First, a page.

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Muscle Cream Caused NYC Teen's Death

( [email protected] ) Jun 09, 2007 07:16 AM EDT
A medical examiner blamed a 17-year-old track star's death on the use of too much muscle cream, the kind used to soothe aching legs after exercise.
This undated family photo provided to the Staten Island Advance and released Saturday, June 9, 2007 shows Arielle Newman. Newman, 17, a cross-country runner at Notre Dame Academy in New York's Staten Island, died on April 13, 2007, after her body absorbed high levels of methyl salicylate.

NEW YORK (AP) - A medical examiner blamed a 17-year-old track star's death on the use of too much muscle cream, the kind used to soothe aching legs after exercise.

Arielle Newman, a cross-country runner at Notre Dame Academy on Staten Island, died after her body absorbed high levels of methyl salicylate, an anti-inflammatory found in sports creams such as Bengay and Icy Hot, the New York City medical examiner said Friday.

The medical examiner's spokeswoman, Ellen Borakove, said the teen used "topical medication to excess." She said it was the first time that her office had reported a death from using a sports cream.

Newman, who garnered numerous track awards, died April 13. She had gone to a party the night before, then returned home and spent hours talking with her mother.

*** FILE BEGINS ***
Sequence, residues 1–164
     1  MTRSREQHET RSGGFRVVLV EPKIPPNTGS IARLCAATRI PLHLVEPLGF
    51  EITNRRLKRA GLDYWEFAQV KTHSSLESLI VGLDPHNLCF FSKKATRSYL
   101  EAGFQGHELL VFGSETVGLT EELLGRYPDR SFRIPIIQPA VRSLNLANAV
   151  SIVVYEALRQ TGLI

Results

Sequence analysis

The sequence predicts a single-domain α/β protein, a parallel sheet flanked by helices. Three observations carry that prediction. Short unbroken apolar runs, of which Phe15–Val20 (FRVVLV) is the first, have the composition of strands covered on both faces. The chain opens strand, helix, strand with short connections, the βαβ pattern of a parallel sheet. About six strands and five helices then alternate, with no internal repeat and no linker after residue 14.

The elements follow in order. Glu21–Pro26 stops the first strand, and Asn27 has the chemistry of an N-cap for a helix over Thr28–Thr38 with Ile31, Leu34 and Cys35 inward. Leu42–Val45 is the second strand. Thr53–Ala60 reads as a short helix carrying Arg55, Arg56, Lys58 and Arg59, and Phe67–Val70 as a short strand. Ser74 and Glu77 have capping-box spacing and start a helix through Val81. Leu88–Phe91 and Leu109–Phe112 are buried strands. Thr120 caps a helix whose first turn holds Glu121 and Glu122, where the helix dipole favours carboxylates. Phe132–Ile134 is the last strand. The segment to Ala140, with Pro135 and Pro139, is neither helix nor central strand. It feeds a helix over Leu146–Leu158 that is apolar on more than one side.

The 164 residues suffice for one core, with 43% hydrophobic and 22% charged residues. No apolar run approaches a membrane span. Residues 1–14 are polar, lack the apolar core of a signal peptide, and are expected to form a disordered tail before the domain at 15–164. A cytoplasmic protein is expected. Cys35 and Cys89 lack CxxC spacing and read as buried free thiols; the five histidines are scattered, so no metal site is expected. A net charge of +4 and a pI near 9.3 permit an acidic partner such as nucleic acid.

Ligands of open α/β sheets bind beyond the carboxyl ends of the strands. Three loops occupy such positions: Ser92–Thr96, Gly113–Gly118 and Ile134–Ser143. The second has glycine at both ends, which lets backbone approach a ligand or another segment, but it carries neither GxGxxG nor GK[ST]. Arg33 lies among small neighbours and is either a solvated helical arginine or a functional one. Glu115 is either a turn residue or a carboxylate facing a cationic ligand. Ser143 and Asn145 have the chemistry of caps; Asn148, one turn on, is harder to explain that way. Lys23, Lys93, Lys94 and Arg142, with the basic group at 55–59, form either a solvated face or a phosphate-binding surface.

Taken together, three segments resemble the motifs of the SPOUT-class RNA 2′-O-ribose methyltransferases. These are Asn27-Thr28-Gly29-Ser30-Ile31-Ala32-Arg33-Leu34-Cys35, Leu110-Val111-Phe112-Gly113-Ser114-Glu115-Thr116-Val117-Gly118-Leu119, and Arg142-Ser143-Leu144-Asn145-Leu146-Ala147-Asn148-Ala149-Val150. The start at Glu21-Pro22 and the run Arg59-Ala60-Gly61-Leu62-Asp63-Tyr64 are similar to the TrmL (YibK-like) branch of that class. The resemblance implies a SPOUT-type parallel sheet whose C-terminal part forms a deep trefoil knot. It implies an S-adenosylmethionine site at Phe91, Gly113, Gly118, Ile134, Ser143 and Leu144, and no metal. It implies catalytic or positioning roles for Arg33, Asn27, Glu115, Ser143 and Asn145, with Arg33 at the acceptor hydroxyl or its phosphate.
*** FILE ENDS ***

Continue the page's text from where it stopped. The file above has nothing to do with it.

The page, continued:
Methyl salicylate poisoning is unusual, and deaths from high levels of the chemical are rare.

"Chronic use is more dangerous than one-time use," Edward Arsura, chairman of medicine at Richmond University Medical Center, told the Staten Island Advance on Friday. "Exercise and heat can accentuate absorption."

Dr. Ronald Grelsamer, of Mount Sinai Medical Center, said Newman had a very abnormal amount of methyl salicylate in her body.

"She either lathered herself with it, or used way too much, or she used a normal amount and an abnormal percentage was absorbed into her body," he said.

Her mother, Alice Newman, said she still couldn't believe her daughter's death was caused by a sports cream.

"I am scrupulous about my children's health," she told the Advance. "I did not think an over-the-counter product could be unsafe."

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